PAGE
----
|Publication number||US4009452 A|
|Application number||US 05/648,615|
|Publication date||Feb 22, 1977|
|Filing date||Jan 12, 1976|
|Priority date||Jan 12, 1976|
|Publication number||05648615, 648615, US 4009452 A, US 4009452A, US-A-4009452, US4009452 A, US4009452A|
|Inventors||Allen R. Waltz, Howard B. McCracken|
|Original Assignee||The United States Of America As Represented By The Secretary Of The Navy|
|Export Citation||BiBTeX, EndNote, RefMan|
|Patent Citations (3), Referenced by (2), Classifications (5)|
|External Links: USPTO, USPTO Assignment, Espacenet|
The invention described herein may be manufactured and used by or for the Government of the United States of America for governmental purposes without the payment of any royalties thereon or therefor.
This invention relates to the fields of oceanography and electronic engineering. In particular, this invention relates to an electronic power converter especially adapted for use on deep ocean submersible vehicles. In still greater particularity, the invention relates to a circuit to convert direct current electrical energy to alternating current energy. By way of further characterization, this invention relates to a power conversion circuit which requires no pressure isolation housing. More specifically, but without limitation thereto, this invention relates to a power converter circuit which changes the direct current of an oceanographic submersible to alternating current while exposed to the operating pressures of the pelagic depths.
The role of submarine vehicles, particularly the oceanographic submersibles, have played increasingly important roles in man's exploration of the oceans. The design and utilization of these vehicles have given rise to a problem of power utilization and conversion. That is, the use of electrical energy beneath the surface of the ocean have required special design and fabrication techniques. These problems of utilizing electrical power have, in many instances, been the primary design consideration. As a result, oceanographic submersibles may be roughly classified into two primary categories. Those which depend upon an umbilical connection to the surface such as that shown in U.S. Pat. No. 3,880,103 granted to Howard R. Talkington on Apr. 29, 1975 for "Tethered Mine Hunting System", and the unconnected remotely controlled or manned vehicles such as illustrated in U.S. Pat. No. 3,702,597 issued to William T. Odum on Nov. 14, 1972 for "Salvage Work Vehicle". In the former or tethered vehicle, electrical power is transmitted to the vehicle by means of the surface connector umbilical. In the latter or free type vehicle, electrical power is commonly supplied by on-board power sources which, generally, are comprised of banks of special batteries.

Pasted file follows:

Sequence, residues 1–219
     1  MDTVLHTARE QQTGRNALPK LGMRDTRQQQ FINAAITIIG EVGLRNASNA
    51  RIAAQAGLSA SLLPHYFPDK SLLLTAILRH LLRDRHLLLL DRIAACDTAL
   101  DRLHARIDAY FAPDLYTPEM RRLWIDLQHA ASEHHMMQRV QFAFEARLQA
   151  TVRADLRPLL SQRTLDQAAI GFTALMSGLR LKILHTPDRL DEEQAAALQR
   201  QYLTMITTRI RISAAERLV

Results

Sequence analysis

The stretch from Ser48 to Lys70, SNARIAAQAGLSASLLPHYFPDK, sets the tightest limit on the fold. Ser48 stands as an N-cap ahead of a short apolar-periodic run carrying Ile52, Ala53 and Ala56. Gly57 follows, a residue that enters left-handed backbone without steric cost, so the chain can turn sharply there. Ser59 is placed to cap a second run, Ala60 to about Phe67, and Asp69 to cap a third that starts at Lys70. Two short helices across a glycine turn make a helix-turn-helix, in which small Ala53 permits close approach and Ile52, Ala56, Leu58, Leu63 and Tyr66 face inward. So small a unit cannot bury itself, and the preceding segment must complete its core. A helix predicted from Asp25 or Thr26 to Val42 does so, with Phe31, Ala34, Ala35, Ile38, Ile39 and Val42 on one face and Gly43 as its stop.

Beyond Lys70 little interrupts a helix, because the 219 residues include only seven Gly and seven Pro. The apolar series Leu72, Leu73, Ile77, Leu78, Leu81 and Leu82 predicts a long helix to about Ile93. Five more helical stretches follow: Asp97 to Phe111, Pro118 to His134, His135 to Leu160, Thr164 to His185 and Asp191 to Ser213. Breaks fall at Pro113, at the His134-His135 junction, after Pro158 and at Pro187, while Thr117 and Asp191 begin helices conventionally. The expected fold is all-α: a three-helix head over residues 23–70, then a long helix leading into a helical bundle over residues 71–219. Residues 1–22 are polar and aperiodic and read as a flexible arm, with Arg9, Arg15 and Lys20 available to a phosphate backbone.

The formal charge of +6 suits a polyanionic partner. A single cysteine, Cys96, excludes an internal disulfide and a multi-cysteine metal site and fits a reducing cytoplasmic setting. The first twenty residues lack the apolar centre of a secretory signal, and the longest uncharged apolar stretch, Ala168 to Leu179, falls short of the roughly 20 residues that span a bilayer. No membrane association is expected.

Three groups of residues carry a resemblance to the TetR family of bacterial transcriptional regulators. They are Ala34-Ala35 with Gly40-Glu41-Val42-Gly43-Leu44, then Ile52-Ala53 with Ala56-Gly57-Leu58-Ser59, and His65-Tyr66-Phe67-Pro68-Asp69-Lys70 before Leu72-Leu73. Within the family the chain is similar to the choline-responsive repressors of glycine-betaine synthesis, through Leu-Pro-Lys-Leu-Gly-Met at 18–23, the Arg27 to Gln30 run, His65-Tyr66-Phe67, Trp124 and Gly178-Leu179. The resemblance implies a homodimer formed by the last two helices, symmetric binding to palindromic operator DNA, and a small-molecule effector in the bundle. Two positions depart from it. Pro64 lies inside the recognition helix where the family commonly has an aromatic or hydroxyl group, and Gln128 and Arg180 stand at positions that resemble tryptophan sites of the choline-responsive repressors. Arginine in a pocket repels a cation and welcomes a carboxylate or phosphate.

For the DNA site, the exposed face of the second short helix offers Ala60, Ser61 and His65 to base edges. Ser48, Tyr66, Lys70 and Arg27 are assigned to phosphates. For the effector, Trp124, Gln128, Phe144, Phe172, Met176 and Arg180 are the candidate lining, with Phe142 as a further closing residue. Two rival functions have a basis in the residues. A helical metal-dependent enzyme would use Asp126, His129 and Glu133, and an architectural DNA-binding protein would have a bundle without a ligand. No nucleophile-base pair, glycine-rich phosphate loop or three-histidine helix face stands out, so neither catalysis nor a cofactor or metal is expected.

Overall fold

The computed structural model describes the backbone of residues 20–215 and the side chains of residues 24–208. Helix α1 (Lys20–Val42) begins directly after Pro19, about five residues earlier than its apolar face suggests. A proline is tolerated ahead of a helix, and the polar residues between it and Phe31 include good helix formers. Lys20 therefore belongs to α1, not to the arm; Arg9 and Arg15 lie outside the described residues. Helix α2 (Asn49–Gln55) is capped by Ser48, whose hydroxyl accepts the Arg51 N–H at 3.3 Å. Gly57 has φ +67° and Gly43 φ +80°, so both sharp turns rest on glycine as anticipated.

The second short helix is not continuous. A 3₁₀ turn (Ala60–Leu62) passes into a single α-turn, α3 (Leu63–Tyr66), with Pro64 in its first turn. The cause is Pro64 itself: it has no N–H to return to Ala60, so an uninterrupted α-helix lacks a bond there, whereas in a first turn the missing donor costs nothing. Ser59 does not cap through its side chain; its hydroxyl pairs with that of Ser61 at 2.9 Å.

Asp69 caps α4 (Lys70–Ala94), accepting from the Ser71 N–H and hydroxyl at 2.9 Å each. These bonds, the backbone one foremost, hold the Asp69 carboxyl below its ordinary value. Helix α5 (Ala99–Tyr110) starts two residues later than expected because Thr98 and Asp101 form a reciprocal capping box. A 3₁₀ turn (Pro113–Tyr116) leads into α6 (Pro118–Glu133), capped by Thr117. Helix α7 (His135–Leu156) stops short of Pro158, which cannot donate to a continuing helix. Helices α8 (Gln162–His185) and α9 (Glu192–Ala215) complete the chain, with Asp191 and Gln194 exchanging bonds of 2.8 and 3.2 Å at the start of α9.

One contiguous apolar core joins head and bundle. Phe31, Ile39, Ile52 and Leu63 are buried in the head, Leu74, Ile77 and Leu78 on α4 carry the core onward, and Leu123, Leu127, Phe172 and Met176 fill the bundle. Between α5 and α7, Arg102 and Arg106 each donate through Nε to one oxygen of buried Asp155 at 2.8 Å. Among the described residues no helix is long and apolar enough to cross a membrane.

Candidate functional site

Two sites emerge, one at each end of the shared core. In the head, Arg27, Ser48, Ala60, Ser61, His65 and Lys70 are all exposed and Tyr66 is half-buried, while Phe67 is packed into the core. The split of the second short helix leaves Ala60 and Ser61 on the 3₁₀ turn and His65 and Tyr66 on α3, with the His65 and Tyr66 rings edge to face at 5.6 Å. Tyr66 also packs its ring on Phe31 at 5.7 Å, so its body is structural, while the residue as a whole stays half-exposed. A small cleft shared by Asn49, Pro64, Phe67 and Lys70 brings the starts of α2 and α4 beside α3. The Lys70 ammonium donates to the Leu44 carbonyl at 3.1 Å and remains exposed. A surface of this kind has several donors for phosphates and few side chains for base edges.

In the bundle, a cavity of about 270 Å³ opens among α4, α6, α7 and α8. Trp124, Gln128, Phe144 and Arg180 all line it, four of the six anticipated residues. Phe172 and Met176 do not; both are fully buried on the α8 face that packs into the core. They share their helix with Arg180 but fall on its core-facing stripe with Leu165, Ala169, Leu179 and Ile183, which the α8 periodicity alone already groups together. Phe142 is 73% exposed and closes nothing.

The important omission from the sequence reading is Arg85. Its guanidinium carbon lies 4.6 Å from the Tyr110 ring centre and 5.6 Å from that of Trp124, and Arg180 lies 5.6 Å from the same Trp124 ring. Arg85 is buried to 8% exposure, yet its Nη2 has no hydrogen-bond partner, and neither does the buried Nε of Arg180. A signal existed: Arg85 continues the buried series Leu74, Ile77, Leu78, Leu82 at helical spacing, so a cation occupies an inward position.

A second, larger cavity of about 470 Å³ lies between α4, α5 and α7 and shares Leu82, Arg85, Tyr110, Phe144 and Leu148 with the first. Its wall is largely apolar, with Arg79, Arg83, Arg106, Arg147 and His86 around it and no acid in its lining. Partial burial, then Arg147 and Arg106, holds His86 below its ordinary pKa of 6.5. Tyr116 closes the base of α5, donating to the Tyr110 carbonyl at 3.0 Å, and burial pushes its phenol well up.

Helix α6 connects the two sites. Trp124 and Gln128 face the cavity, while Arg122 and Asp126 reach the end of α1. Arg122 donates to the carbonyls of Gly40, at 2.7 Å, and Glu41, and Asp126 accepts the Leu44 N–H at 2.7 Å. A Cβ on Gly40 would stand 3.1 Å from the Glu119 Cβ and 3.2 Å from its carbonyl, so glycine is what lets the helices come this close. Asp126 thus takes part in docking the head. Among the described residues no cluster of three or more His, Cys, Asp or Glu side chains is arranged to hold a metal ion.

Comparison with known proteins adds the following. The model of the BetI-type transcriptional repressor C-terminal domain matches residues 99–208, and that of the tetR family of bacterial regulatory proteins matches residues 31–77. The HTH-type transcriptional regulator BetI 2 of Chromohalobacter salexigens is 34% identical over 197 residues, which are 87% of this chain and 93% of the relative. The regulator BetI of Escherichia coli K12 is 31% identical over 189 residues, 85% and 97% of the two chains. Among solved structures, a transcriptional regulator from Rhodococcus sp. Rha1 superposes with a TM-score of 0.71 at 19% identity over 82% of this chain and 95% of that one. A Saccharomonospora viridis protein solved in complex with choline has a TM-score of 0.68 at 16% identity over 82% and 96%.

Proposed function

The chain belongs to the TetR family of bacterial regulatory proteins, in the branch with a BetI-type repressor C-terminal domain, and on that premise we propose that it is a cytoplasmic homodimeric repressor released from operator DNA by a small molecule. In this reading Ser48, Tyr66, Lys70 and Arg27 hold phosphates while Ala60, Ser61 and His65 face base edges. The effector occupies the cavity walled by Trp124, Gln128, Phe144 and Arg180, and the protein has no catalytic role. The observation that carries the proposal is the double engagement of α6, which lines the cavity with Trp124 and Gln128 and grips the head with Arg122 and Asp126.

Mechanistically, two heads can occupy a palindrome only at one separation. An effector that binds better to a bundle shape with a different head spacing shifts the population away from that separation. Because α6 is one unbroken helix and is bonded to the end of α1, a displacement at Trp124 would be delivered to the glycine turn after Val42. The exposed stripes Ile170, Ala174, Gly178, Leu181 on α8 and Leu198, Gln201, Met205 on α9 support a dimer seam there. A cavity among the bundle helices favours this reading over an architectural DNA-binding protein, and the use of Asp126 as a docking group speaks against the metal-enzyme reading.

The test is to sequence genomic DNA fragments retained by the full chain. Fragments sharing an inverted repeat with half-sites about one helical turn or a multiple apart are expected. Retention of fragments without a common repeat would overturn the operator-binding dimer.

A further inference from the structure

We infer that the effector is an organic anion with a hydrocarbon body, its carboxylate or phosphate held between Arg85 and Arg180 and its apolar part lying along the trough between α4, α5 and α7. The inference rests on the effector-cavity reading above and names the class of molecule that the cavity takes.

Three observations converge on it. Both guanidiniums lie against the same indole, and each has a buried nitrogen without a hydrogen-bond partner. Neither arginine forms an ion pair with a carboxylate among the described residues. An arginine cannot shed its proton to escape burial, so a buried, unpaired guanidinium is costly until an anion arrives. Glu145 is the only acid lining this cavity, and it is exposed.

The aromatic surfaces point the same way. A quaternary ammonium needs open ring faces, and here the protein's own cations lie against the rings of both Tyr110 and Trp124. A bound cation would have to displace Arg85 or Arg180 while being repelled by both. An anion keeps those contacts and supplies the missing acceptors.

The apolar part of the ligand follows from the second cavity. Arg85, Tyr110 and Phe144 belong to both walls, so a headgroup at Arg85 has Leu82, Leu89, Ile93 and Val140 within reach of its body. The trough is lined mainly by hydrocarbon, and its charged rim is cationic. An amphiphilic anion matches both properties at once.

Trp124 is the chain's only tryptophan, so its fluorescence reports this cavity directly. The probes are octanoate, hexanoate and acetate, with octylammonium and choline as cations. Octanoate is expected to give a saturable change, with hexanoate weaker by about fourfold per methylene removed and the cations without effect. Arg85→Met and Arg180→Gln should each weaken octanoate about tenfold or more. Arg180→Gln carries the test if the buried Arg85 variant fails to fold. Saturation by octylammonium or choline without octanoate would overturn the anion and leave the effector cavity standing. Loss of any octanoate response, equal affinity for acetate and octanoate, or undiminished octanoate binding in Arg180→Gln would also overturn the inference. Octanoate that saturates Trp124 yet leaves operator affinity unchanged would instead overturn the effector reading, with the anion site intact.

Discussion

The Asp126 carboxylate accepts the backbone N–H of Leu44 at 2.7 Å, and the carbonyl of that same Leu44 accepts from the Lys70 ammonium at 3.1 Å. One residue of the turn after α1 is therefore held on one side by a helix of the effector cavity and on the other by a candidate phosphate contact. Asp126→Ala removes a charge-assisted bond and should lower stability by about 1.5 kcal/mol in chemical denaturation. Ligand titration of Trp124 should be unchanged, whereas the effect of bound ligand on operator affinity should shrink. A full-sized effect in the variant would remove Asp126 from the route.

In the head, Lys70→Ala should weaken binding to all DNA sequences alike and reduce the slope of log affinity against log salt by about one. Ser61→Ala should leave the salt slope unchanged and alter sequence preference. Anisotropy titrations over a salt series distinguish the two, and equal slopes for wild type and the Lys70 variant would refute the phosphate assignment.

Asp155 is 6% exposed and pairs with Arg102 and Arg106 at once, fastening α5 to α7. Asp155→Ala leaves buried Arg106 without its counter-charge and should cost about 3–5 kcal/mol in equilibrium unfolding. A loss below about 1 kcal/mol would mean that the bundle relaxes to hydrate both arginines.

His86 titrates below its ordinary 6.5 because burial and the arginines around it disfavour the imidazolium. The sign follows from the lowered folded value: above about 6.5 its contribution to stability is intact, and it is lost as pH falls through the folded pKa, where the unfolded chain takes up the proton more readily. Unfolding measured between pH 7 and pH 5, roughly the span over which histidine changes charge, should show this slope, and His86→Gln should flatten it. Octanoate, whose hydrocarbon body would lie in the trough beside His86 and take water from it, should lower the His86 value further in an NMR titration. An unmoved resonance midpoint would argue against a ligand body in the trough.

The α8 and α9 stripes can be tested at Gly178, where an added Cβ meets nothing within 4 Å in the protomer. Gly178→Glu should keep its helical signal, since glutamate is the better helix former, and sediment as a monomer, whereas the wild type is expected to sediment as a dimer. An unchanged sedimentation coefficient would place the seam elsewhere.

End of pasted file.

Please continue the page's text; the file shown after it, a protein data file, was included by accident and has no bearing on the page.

Although quite satisfactory for limited times, battery power sources supply only direct current electrical energy. Thus, electrical equipment used in conjunction with this type of submersible must be adapted for utilization of this type of energy or, a conversion device to convert the direct current electrical energy to alternating current electrical energy must be provided. The former choice of utilizing direct current type equipment limits the type of equipment which may be used and increases the design and procurement cost of such equipment.
Because most equipment which utilizes alternating current electrical energy may be successfully adapted to underwater environmental conditions, the conversion alternative offers many financial and technical advantages. However, in the past, such an alternative required providing a pressure impervious housing for the electrical conversion equipment. Pressure housings having the strength necessary to withstand deep ocean pressures are necessarily quite heavy and expensive. As a result, the location of power conversion equipment is frequently made in the inhabitated area of the submersible vehicle. As is well understood, because of the expense and structural design and characteristics, the inhabited portions of deep ocean submersibles are quite limited in volume and space therein is at a premium.